posted on September 12, 2017
The U.S. Food and Drug Administration (FDA) recently sent a warning letter to the company that makes Mylan’s EpiPen emergency allergy treatment products. In the letter, the FDA accuses the company of failing to fully investigate “serious and life-threatening” EpiPen failures or to take “appropriate corrective actions.”
The FDA delivered the letter on September 5, 2017, to Meridian Medical Technologies. Meridian is a Pfizer subsidiary that makes EpiPen and EpiPen Jr. at its facility in Brentwood, Missouri. Mylan has owned the rights to EpiPen products since 2007. (The company has sparked widespread criticism for massively boosting the price of EpiPens.)
“Auto-injector” EpiPens provide epinephrine shots to patients who are suffering serious, potentially life-threatening allergic reactions such as anaphylaxis. However, as the FDA notes, if an EpiPen fails to operate as expected or to deliver the intended dose of epinephrine, “patients can die or suffer serious illness.”
According to the FDA, Meridian has received “hundreds of complaints that [its] EpiPen products failed to operate during life-threatening emergencies, including some situations in which patients subsequently died.”
The FDA reports that many of those complaints alleged that the EpiPens:
“You did not thoroughly investigate those complaints,” the FDA states in the letter. “Moreover, we note that your follow up did not include removing potentially defective products from the marketplace[.]”
The FDA writes in the letter that Meridian actually investigated only a small number of the 171 complaint samples that it received between 2014 and 2017.
For example, in April 2016, Meridian received a customer complaint about an EpiPen that failed to activate, according to the FDA. The company investigated the product and determined that the “root cause” of the device failure was a flawed component – a manufacturing defect that Meridian previously detected in February 2016.
Even though Meridian did not expand its investigation, the company concluded in June 2016 that the defect was “infrequent” and that it would take “no market action,” meaning that potentially defective EpiPens remained on the market.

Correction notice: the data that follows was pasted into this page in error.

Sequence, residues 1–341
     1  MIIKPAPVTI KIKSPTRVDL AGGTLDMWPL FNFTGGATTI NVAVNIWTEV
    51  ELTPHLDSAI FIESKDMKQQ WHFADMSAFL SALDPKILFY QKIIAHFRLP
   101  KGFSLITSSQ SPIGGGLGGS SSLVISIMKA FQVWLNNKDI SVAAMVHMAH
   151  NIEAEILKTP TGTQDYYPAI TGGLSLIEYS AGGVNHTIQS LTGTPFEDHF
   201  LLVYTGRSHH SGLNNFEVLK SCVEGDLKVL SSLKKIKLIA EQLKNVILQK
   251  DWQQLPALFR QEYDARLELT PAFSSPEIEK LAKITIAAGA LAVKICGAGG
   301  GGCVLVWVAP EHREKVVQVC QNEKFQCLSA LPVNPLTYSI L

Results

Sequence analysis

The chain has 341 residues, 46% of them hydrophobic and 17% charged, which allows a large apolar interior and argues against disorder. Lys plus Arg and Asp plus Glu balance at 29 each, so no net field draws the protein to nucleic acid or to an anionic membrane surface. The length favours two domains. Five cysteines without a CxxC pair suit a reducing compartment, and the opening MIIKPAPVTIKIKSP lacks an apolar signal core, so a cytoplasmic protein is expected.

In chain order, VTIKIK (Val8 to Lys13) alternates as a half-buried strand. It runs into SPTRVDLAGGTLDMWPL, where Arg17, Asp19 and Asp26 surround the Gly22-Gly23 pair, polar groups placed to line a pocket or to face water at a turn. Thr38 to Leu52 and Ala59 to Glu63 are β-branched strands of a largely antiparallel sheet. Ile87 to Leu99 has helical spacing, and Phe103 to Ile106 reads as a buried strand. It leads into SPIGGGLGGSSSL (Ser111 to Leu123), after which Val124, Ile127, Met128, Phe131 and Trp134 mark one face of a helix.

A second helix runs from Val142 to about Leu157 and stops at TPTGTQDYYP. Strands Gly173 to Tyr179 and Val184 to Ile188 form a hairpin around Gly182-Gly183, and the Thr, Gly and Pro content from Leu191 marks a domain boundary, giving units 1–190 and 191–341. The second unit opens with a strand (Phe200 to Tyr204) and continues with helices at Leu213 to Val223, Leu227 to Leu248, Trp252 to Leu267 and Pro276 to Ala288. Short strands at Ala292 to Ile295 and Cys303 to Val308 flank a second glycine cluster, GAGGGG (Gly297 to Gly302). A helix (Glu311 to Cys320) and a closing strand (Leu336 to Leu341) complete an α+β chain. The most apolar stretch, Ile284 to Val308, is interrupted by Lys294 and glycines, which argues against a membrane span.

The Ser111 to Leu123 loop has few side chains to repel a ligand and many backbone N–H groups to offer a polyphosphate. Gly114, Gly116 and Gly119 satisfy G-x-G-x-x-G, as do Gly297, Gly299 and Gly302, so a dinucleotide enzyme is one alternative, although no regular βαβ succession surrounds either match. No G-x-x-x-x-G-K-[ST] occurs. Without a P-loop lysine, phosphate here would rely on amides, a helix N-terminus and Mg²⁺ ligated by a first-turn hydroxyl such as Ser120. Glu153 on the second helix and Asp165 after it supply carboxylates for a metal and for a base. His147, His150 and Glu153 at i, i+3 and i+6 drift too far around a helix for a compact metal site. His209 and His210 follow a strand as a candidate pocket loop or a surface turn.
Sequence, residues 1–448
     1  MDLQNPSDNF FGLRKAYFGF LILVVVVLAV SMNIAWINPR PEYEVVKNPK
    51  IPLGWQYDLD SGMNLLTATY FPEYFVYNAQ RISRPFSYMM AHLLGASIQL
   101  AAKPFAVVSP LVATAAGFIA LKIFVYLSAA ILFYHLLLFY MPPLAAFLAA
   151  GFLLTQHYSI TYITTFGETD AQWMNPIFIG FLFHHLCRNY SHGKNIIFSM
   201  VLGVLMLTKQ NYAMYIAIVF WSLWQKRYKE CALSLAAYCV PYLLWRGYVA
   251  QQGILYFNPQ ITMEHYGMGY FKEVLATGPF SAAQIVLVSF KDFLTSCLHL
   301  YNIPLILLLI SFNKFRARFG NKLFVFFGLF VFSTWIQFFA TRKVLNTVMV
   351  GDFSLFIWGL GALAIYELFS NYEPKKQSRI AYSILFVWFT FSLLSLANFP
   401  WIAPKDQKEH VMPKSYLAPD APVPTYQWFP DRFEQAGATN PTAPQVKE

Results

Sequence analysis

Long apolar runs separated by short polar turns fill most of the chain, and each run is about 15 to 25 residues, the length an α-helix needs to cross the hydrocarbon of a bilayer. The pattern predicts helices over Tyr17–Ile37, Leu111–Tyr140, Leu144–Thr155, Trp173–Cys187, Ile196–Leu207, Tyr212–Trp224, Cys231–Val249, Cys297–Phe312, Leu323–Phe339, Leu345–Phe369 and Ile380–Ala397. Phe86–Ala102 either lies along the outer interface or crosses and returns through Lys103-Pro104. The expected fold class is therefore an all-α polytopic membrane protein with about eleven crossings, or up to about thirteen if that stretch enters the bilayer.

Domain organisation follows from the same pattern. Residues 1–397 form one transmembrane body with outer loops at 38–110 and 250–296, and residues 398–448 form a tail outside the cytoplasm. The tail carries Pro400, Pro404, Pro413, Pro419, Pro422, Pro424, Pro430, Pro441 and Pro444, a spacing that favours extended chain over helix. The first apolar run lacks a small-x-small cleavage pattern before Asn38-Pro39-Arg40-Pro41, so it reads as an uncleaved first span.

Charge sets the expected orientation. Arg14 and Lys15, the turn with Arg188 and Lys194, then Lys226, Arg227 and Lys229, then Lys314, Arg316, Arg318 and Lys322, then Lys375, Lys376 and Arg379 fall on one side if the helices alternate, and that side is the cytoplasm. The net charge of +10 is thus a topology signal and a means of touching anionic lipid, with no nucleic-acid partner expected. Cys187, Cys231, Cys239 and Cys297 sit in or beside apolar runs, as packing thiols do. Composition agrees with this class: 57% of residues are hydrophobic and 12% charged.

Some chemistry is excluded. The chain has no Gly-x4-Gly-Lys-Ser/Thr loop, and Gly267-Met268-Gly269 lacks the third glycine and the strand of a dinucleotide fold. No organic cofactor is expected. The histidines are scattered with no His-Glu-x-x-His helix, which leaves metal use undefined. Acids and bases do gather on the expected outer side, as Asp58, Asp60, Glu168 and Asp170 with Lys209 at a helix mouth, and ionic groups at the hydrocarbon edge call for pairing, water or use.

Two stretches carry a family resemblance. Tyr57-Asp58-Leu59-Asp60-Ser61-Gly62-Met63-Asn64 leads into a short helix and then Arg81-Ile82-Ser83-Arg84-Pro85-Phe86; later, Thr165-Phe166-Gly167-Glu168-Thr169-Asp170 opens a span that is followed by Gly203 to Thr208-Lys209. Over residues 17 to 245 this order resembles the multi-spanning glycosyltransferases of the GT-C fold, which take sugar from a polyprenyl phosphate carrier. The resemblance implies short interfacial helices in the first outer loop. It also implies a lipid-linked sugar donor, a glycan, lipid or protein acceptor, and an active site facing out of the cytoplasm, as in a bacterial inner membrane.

In March and February 2017, the FDA inspected the Meridian facility in Missouri. At that time, the FDA urged the company to reopen its investigation. According to the FDA, it was only after the agency’s inspections and “multiple discussions” with Meridian that company voluntarily recalled 13 EpiPen lots in March 2017.
The FDA said that its 2017 inspections uncovered “significant violations” of FDA requirements, according to the warning letter. The FDA notes that it found similar violations when it inspected the facility in October and November 2014.
“These repeated failures demonstrate that your facility’s oversight and control over the manufacture of these products is inadequate,” the FDA states.
The FDA warned Meridian to “promptly correct” the violations cited in the letter. If the company fails to make those corrections, the FDA could take legal action, including seizure and injunction, according to the warning letter.
Both Pfizer and Mylan gave statements to The New York Times in response to the FDA’s letter, stating they believed “in the safety and efficacy of EpiPen products.”
A Pfizer spokeswoman told CNBC that it was “not unusual to receive product complaints, especially when the product is frequently administered by non-medically trained individuals.” Additionally, the spokeswoman said that the company had “no information to indicate that there was any causal connection between these product complaints and patient deaths.” A Pfizer spokeswoman told CNBC that the company would continue to “work with FDA” to resolve issues that the agency raised in the warning letter.
As attorneys who protect the rights of patients who have been harmed by dangerous drugs and defective medical devices, Marks & Harrison will continue to closely monitor this situation and its impact on patients in Virginia and throughout the country. If you believe that you suffered serious illness or lost a loved one due to an EpiPen failure, please contact us today. We can provide a free review of your case and discuss all legal options that may be available to you.
Kevin T. Hadden is a graduate of the University of Georgia and University of Richmond School of Law, where he served as President of the Student Bar Association. Today, as an attorney with Marks & Harrison, he focuses his practice exclusively on personal injury law. He has received many accolades for his work, including being named one of the Top 10 Best Attorneys for Client Satisfaction in Virginia in 2015 by the American Institute of Personal Injury Attorneys. He is admitted to practice in Virginia state courts and the U.S. District Courts for the Eastern and Western Districts of Virginia.